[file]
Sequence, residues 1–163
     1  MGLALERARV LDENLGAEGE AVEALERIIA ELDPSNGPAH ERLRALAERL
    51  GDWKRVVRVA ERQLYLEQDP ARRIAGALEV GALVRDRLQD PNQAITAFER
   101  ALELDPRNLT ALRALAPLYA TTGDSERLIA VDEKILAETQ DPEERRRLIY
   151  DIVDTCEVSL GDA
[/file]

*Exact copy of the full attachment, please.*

Sequence, residues 1–163
     1  MGLALERARV LDENLGAEGE AVEALERIIA ELDPSNGPAH ERLRALAERL
    51  GDWKRVVRVA ERQLYLEQDP ARRIAGALEV GALVRDRLQD PNQAITAFER
   101  ALELDPRNLT ALRALAPLYA TTGDSERLIA VDEKILAETQ DPEERRRLIY
   151  DIVDTCEVSL GDA